“The sole basis of my poor brother’s conviction in 1894 was the undated letter (the bordereau) that suggested that documents had been transferred to the agent of a foreign power. I have the honor to inform you that the writer of this letter is Lord Walsin-Esterhazy, a major in the infantry. Esterhazy’s writing is identical to the handwriting of that letter… I have no doubt, sir Minister, that when you learn who really perpetrated the treachery for which my brother was convicted, you will immediately do as justice dictates.” However, a subsequent judge amazingly ruled that the bordereau had been written by someone imitating Esterhazy’s writing! There is evidence that Esterhazy was let off the hook because he had sent the letter to the German Attaché on behalf of French Intelligence.

Protesting this miscarriage of justice, famous French novelist, Émile Zola, publicized his famous J’accuse (I accuse) letter of January 5658/1898: “My duty is to speak out, I do not wish to be an accomplice in this travesty. My nights would otherwise be haunted by the specter of the innocent man, far away, suffering the most horrible of tortures for a crime he did not commit…

“I accuse the War Offi ce of using the press, particularly L’Éclair and L’Écho de Paris, to conduct an abominable campaign to mislead the general public and cover up their own wrongdoing. Finally, I accuse the fi rst court martial of violating the law by convicting the accused on the basis of a document that was kept secret, and I accuse the second court martial of covering up this illegality, on orders, thus committing the judicial crime of knowingly acquitting a guilty man.

“In making these accusations I am aware that I am making myself liable to articles 30 and 31 of the law of 29/7/1881 regarding the press, which makes libel a punishable offence. I expose myself to that risk voluntarily…

“My fiery protest is simply the cry of my very soul. Let them dare, then, to bring me before a court of law and let the enquiry take place in broad daylight! I am waiting. With my deepest respect, Sir. Émile Zola, 13th January 1898.”

Zola’s goal was to reopen the Dreyfus fi asco by forcing his own trial. The military took up Zola’s challenge, pronounced him guilty, and he fl ed to England.

Even after a new War Minister demanded Dreyfus’ retrial after discovering that documents had been forged to incriminate Dreyfus, the retrial also found him guilty, although it reduced his sentence from lifetime banishment to ten years of hard labor. By this time, France was torn into two factions, Dreyfusards and anti- Dreyfusards, and due to public furor and other considerations the French Prime Minister René Waldeck-Rousseau granted Dreyfus a pardon, and he was released home.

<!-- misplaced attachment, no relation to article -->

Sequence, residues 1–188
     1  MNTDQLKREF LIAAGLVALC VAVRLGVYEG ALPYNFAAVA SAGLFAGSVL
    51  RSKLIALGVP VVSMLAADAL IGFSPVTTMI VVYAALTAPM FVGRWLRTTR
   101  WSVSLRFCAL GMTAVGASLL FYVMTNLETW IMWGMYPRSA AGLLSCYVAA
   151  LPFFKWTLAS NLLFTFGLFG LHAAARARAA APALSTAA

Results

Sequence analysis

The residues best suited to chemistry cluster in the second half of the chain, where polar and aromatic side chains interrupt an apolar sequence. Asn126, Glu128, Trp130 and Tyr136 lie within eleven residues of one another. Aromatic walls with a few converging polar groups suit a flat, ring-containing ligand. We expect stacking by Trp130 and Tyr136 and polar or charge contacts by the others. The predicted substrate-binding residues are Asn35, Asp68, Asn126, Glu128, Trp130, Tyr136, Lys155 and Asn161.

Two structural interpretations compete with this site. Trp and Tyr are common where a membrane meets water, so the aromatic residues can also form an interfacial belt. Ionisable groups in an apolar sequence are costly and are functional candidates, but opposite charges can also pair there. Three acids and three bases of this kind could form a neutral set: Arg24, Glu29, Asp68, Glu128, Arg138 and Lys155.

Seven years later in 5666/1906, the army restored him to his former rank, and when people present at the ceremony cried out, “Long live Dreyfus!” Dreyfus responded, “No! Long live the truth!”

Dreyfus decided to forgive and forget, and forge on with his new life, writing to a friend:

“Let us not harbor hatred, dear Major, for all those who have used falsehoods and lies, it would be doing them too much honor. Let us despise them.

“Let us pursue our goal relentlessly, while keeping intact our dignity and our moral rectitude, and if we must lower our eyes to the level of persons of such vile and lowly conscience, let us just give them a brief glance fi lled with sadness for such misery. And we shall win, through the intangible superiority of the soul.”

Present at the Dreyfus trial and witness to the French anti-Semitism was the prominent journalist, Theodore Herzl. Although it was over a century since Napoleon guaranteed that, “Every person… is entitled to the enjoyment of all rights guaranteed in Constitution; the National Assembly herewith abrogates all restrictive laws concerning the Jews as they appeared in earlier decrees,” here was a Jew, externally no different than his fellow Frenchman, hauled before court on false charges and a target of national hate. The spectacle of thousands of Frenchmen chanting, “Death to the Jews!” after the trial shook Herzl to the core.

Herzl concluded that the Jews must have their own state to escape anti- Semitism, writing in 5655/1895 that, “In Paris, as I have said, I achieved a freer attitude toward anti-Semitism, which I now began to understand historically and to pardon. Above all, I recognized the emptiness and futility of trying to ‘combat’ anti-Semitism.”

The effectiveness of his solution may be gauged from a glance at current headlines…